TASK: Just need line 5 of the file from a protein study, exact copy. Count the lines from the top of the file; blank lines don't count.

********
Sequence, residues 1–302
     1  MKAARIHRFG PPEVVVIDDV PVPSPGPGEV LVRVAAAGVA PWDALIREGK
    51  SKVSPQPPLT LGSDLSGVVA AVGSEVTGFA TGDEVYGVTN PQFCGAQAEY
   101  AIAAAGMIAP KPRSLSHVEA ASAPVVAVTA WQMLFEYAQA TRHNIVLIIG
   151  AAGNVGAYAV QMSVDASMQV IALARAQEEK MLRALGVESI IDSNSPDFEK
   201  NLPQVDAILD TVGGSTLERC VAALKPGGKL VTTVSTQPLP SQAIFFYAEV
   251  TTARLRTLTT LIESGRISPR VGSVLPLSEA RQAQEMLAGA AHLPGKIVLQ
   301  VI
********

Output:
   151  AAGNVGAYAV QMSVDASMQV IALARAQEEK MLRALGVESI IDSNSPDFEK